Fallon refuses to say whether US and UK drone programmes “the same”
December 16, 2015
The UK Defence Secretary today refused to answer questions from Members of Parliament on whether there were any differences between the US’ long-running covert drone programme, and the UK’s own targeted killing programme, announced by the Prime Minister as a “new departure” earlier this year.
For over a decade, the CIA and the US’ secretive Joint Special Operations Command (JSOC) have been using unmanned aircraft to carry out ‘targeted killings’ in countries such as Pakistan and Yemen, where the US is not at war, as part of a global ‘war on terror’ without boundaries.
Announcing the UK’s “new departure” on drones on 7 September this year, David Cameron said that a “targeted strike” had been carried out in “a country where we are not involved in a war,” and admitted that this was “the first time in modern times” that this had happened. He suggested that there would be no geographical limit to such activity, claiming that he would “be prepared to take that action…whether the threat is emanating from Libya, from Syria or anywhere else.”
Today, Defence Secretary Michael Fallon was asked by the Chair of the Joint Committee on Human Rights (JCHR), Harriet Harman, “can you just say as a matter of fact comparing the two [the US and UK drone policies], where you think the differences are, or if they’re the same?” Mr Fallon replied “I don’t want to draw comparisons between our policy and their policy.”
The US drone programme has resulted in the deaths of hundreds of civilians and has been widely criticised by senior US military figures: General Michael Flynn, former head of the US Defence Intelligence Agency, has described it as a “failed strategy,” while General Stanley McChrystal has warned it creates “resentment” towards “American arrogance.”
Commenting, Kat Craig, legal director at international human rights organisation Reprieve, which has investigated civilian casualties caused by the US programme and is assisting MPs seeking clarification of the new UK ‘Kill Policy’ said: “This appearance raised more questions about the UK’s new ‘Kill Policy’ than it answered. It is hardly surprising Mr Fallon was so reluctant to answer this question, when the UK policy is in effect a carbon copy of the US drone programme. Both are highly secretive, legally dubious, and subject to almost zero accountability either by politicians or the courts. It is bewildering that the UK is following the US lead on a programme which even senior US military figures have described as a ‘failed strategy’ which has not made us safer. At the very least, Mr Fallon should come clean with the public that this is the way the UK Government is headed, so we can have a real debate.”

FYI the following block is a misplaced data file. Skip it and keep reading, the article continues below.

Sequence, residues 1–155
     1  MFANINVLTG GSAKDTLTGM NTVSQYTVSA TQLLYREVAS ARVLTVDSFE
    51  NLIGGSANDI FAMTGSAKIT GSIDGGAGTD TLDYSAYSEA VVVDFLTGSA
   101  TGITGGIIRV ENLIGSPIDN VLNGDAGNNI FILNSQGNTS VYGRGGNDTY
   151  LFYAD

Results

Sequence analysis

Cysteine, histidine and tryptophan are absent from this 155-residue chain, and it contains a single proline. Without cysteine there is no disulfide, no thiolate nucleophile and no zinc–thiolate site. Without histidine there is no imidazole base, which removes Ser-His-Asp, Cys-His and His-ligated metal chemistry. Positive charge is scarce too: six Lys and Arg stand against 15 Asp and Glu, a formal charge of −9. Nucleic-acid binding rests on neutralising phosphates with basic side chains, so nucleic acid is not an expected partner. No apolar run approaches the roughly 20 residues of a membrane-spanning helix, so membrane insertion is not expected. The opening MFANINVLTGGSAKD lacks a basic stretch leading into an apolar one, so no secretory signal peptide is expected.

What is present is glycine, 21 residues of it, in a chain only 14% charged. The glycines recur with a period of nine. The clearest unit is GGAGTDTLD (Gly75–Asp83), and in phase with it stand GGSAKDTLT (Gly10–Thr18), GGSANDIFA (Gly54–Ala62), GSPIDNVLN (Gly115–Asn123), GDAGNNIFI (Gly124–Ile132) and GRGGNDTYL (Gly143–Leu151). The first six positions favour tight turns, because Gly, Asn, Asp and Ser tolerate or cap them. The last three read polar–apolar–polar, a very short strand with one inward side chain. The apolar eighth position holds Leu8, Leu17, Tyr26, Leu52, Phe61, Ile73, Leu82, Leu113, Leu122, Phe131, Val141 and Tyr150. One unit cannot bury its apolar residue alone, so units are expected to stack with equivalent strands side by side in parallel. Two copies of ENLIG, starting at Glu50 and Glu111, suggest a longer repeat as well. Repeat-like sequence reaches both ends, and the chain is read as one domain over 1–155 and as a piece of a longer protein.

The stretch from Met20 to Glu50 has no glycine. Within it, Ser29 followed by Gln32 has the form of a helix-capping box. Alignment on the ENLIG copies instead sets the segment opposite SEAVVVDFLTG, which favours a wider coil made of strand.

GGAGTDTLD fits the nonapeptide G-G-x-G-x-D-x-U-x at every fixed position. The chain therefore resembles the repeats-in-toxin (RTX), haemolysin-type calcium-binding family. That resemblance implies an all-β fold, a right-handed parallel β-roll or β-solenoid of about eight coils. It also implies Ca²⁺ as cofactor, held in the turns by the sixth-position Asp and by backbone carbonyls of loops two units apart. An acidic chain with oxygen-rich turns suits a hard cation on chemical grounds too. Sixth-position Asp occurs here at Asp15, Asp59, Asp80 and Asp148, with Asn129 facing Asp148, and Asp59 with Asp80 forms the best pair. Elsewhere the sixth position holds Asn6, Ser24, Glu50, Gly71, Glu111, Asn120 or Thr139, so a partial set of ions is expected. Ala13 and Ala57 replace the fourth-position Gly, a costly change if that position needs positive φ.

Notes to editors
- For further information, please contact Reprieve’s press office: email@example.com / +44 7791 755 415
- The full exchange took place at around 15:40 GMT, and can be viewed here: http://www.parliamentlive.tv/Event/Index/2aedf735-a4d4-4a65-8d39-a128aad99df9 A transcript of the exchange is as follows:
Harriet Harman: Could you tell us whether or not you think that the policy that we have is different from the policy that the Americans have, and if so how?
Michael Fallon: Well, I don’t really want to comment on the approaches other states take, but yes I think you would find that each state, each country probably may have a marginally different policy in terms of their rules of engagement for example, or in terms of the accountability of their government to their legislature, so it might well be different in each case, but I don’t want to particularly comment on what the United States does.
HH: […] But obviously you know what the American policy is, because they’ve actually published it, so that’s a question of fact, and obviously you know what our policy is, because you’re the secretary of state for defence, so can you just say as a matter of fact comparing the two, where you think the differences are, or if they’re the same.
MF: I don’t want to draw comparisons between our policy and their policy.